Take my advice for what it's worth -- rock in all your subjects, not just math and physics. Even if you find English boring, do something to spice it up. If you have boring teachers or dull instructors in English, volunteer to do extra credit work, and go into more depth. Maybe even help to teach some of the classes or something. It's so true that English, grammar, composition, debating, giving persuasive speeches, etc., are extremely important skills for your future accomplishments in science and math. Now if you find history boring, well, yeah, it's okay to blow it off as long as you carry the grades...... :-)
     
  7. Jan 13, 2006 #6
    I've never gotten lower then a 96% in english, even while reading unrelated fiction books, and such. It's just that the class is SO EASY, as to allow me to work on unrelated material within my own free will.

    And besides, my spelling is impeccable, so don't diss me. >_>
     
  8. Jan 13, 2006 #7

    Moonbear

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    Grammar needs a bit of work though, as does word choice. :biggrin:
     
  9. Jan 13, 2006 #8
    Meh, you should see more of the internet.

    Also, i'm typing this at 5 contrast during my marketing class, while the other kids finish up some worksheet(I'm done), so I can't exactly see what I'm typing that well, and can't accordingly fix the errors made.

    Oh, and this isn't exactly "Exam Paper" quality typing. It's informal, ya know?

    But still, for age 15, it works.
     
    Last edited: Jan 13, 2006
  10. Jan 13, 2006 #9

    Moonbear

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    I'm only picking on you because you were bragging about your impeccable spelling and high grades in English. :biggrin:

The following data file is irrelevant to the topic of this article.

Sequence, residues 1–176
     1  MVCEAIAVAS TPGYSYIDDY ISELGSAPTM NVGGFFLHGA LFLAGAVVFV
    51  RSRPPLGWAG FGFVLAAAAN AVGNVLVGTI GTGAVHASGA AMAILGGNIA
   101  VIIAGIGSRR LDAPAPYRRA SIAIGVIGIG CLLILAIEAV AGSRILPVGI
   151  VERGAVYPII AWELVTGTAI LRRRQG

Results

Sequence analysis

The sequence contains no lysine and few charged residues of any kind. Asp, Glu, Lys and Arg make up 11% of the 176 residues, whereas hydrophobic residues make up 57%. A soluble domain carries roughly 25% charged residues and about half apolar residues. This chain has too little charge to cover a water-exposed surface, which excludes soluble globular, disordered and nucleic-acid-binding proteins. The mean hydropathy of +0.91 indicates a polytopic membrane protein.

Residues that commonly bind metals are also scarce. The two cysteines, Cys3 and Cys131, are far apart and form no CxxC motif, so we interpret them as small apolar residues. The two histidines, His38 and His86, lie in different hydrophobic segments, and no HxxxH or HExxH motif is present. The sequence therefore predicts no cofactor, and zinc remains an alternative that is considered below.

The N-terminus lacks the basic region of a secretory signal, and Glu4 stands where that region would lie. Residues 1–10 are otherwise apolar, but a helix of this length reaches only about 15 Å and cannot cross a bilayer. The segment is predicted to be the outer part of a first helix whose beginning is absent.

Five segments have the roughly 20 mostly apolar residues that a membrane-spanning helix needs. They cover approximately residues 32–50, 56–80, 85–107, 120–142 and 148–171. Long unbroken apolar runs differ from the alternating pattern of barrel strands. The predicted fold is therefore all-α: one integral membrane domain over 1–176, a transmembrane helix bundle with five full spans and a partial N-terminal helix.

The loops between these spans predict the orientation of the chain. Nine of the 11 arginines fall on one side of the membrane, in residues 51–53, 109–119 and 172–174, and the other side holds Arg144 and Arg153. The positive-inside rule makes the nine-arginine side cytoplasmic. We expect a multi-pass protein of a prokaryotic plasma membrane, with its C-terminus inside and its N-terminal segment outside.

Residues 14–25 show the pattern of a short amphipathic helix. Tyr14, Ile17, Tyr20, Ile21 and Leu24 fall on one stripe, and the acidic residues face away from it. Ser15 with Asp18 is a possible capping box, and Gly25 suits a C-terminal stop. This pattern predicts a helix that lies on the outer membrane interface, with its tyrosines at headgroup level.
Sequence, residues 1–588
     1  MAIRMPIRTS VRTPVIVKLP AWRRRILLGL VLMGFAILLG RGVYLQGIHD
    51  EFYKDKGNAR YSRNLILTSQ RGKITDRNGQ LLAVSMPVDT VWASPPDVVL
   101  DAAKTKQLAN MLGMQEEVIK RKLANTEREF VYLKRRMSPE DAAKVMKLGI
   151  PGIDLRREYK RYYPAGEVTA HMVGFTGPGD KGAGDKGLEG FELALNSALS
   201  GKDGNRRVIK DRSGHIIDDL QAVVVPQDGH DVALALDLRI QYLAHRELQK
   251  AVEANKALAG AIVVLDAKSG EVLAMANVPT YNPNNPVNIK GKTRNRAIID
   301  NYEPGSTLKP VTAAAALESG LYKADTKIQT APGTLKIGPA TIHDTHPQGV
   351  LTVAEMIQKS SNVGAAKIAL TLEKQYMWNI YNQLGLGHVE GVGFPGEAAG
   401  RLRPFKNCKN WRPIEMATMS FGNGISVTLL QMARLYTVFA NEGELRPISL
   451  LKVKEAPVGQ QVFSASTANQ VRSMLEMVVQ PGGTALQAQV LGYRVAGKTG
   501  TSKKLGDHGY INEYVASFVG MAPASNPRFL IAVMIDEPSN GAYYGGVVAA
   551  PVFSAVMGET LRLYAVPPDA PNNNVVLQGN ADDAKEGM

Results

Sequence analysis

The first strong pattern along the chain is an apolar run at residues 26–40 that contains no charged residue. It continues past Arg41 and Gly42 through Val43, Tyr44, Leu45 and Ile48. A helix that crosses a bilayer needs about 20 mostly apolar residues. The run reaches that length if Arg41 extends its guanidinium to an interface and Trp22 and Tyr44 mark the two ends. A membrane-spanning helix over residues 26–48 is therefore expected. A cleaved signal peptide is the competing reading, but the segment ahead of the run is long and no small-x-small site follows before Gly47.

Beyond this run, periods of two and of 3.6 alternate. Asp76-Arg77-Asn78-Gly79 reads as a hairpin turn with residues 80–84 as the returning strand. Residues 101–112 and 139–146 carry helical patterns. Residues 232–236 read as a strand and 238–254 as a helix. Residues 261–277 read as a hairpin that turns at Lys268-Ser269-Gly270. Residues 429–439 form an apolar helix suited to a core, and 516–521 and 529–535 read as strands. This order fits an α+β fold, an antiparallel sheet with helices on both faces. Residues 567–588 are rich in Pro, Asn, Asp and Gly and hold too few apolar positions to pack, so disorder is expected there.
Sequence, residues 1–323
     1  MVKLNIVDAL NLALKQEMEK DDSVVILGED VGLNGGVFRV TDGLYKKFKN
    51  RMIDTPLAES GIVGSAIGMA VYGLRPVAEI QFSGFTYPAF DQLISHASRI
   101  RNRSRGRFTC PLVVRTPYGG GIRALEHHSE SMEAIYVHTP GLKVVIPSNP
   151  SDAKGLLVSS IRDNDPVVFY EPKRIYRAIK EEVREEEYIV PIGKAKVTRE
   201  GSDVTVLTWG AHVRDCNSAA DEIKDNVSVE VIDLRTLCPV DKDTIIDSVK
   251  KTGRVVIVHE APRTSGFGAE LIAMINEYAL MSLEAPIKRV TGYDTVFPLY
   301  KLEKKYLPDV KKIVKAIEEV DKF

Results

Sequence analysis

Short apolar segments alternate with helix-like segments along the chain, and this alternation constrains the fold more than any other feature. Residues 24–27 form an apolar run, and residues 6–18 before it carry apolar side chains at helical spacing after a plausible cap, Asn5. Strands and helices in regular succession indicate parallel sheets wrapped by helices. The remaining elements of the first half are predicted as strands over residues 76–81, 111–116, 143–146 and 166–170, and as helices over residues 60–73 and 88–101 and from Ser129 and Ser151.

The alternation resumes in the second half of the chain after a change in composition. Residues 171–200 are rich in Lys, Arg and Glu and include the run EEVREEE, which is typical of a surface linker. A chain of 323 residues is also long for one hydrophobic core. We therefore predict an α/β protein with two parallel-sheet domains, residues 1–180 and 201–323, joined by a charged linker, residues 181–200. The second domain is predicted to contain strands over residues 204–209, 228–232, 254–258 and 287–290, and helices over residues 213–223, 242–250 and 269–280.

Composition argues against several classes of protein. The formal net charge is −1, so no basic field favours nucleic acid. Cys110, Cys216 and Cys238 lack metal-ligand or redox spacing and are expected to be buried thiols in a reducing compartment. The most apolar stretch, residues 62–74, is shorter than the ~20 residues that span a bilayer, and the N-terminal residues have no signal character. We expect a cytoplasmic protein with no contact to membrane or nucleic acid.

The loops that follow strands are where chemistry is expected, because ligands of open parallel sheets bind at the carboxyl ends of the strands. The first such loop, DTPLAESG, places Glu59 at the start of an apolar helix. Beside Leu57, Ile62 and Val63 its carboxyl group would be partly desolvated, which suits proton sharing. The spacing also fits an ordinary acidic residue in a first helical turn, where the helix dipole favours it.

11. Jan 13, 2006 #10
    Yeah, if that part in bold doesn't strike you as a bizarre choice of words you still have alot of work ahead of you. If your spelling is authentically impeccable, that's a good thing, though.
     
  12. Jan 13, 2006 #11
    I type what comes into my mind quickly, so things tend to coalesce into unusual phrases.

    For example, I was talking about Bush a few days ago, and I started mentioning how my friend thought that "George's Bush was a retard".

    >_<'

    Now, quit teasing me. =<
     
    Last edited: Jan 13, 2006
  13. Jan 13, 2006 #12
    you're going to need those english skills when you hit the stage of writing physics reports. physics is confusing enough without having poor grammar (in the future, not saying you're incompetent just now :D).

    and, doesn't everyone love that eureka moment? the moment when, after many hours of study on a single topic/method/subject you read the line that makes everything click. open up the textbook and there it is. suddenly everything makes sense. and it's time for a break.

    I'm studying for exams. that happened earlier and i'm still on a high.
     
  14. Jan 13, 2006 #13
    Woah, another one from Arizona
    O_____O
    What school do you go to?

    By the way, I have never been that good at english for the reason that I can't write good essays on random topics. However, I usually do good on any science based research papers/essays and whatnot....
     
  15. Jan 30, 2006 #14
    Peoria, Arizona.

    Sunrise Mountain High School, specifically.